NEW: Trains, brains and automobiles: Town task force on transportation asks for input from YOU
Monday, June 4, 2012
by Christine Yeres
Last Saturday afternoon, NCNOW asked passers-by in Chappqua and Millwood what ideas they might have to improve transportation in New Castle. See their comments in “Read more…” The Transportation Task Force of the town’s Sustainability Advisory Board (SAB) is holding an open forum to discuss how to do better with trains, traffic, parking, biking, walking, jitneys and more on Monday, June 4 in the assembly room of town hall at 7:30 p.m..
“What can we have to say about this train service? If you take the right train you can get a seat.”
“I bought a Prius, which is pretty compact and gets me a front-row parking space at the train station. I love it.”
“Train service isn’t bad.”
Train Station Parking
“Commuter parking? It seems to work. I doubt jitneys will ever go over big here.”
“There’s too big an area right in front of the train station that causes too many people to hang around for pick up in the evening and allows people to make big U-turns to get out onto South Greeley instead of going through to Washington Avenue.”
“It should be the easiest thing in the world to create a ride-share website so that people can share rides to the train—and home again—right from your own neighborhood.”
“Add ‘parking’ to this, because if parking is difficult, traffic will be buzzing around to find parking.”
“If I know I can find parking, I’ll handle the traffic.”
“The new lot behind the stores on South Greeley is great. I never realized what a wretched eyesore the old one was until now.”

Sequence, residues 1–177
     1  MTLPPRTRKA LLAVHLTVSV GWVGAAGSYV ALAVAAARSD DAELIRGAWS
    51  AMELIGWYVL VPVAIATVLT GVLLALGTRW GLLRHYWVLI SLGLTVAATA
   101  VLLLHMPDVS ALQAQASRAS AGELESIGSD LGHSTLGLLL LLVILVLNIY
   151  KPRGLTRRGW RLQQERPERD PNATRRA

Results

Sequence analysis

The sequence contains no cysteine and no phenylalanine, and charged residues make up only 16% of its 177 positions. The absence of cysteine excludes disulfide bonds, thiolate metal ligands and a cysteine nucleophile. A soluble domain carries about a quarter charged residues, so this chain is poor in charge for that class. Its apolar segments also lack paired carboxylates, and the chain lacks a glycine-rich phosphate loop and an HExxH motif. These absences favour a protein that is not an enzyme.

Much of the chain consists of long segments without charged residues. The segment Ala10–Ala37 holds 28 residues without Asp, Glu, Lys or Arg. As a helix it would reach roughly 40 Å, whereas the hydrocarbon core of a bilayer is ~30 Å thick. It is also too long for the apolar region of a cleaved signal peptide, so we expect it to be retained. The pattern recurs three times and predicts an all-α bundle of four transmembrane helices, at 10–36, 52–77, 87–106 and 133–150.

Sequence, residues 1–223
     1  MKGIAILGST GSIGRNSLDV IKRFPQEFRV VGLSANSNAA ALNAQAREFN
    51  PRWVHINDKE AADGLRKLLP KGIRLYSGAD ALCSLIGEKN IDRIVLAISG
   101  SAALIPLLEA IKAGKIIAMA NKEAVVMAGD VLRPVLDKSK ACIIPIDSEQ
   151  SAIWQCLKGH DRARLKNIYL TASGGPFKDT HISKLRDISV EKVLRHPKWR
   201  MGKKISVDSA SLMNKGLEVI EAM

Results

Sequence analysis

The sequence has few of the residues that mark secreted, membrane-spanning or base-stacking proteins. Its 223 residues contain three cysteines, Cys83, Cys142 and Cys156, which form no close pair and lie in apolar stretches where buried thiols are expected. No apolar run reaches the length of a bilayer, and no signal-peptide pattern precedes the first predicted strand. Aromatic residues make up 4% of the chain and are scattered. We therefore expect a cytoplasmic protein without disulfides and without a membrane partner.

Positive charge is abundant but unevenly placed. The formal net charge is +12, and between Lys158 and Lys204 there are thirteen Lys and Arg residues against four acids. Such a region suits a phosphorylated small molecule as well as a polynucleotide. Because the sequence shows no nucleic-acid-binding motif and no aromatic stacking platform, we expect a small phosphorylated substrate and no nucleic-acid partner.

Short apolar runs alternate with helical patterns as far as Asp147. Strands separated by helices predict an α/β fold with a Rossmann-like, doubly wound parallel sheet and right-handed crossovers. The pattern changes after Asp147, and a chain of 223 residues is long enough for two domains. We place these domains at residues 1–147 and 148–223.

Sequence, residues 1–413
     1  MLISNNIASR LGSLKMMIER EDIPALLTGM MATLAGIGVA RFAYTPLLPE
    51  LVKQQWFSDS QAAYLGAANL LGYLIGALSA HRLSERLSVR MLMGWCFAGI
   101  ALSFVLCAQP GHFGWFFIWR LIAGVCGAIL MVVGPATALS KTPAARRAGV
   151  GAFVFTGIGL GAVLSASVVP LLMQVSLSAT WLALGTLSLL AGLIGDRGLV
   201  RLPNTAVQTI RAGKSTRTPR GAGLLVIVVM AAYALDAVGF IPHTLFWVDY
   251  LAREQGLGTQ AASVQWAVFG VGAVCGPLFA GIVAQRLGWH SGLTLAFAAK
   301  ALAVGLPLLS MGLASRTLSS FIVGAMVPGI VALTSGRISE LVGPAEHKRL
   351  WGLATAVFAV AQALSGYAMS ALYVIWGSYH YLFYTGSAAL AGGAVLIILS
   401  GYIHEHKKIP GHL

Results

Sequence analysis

“I hate the one-way Lower King Street deal. Isn’t there a way to let us out of there other than by going all the way to the train station?”
“The buses must run to schools every day, but the cars don’t have to. Can we do something to cut down on parents driving kids to school?”
“It would be very hard for me to put my child on a bus that will take him 45 minutes to get to school when I can save him that time or let him sleep by driving him to school.”
“There should be YouTube Khan Academy videos playing on the bus each morning so kids can use the time to learn something.”
“Put monitors on the bus so the children can watch the news or something fun. Trivia games or their teachers reading books. Something that makes them want to be on the bus with their friends.”
“Over the last month, the contractor responsible for the 120 bridge returned to pave several of the crosswalks with brick. This is supposed to make motorists and pedestrians more aware of each other. I’m not sure it does that, but it does look very nice.”
“Gedney is a big resource to the whole town. It’s very important to have a sidewalk connecting it to nearby Millwood.”
“I’d like to see a sidewalk go in along Bedford Road to the condos at Old Farm Lake. I thought we had money set aside for that. What’s happening?”
“The town and school boards, the PTA and their committees should all hold walking meetings on the high school track. Walk and talk.”
“The town had plans to open the trailway between Chappaqua Crossing and North Greeley Avenue, in downtown Chappaqua. It followed a sewer line from Mt. Kisco, and runs along the railroad tracks, behind the high school. What every happened to the idea? Students—and regular people—could walk to town safely.”
“The sidewalk on 120 (Quaker Road) is great for walking, but cyclists wouldn’t be welcome on it—and we can’t bike on Quaker Road. Or on Bedford Road. Maybe adults cycling in packs, but I certainly wouldn’t let my children bike around town.”
“The town ran a jitney service from Gedney to the Chappaqua train station parking lot, but it wasn’t used much and they discontinued it.”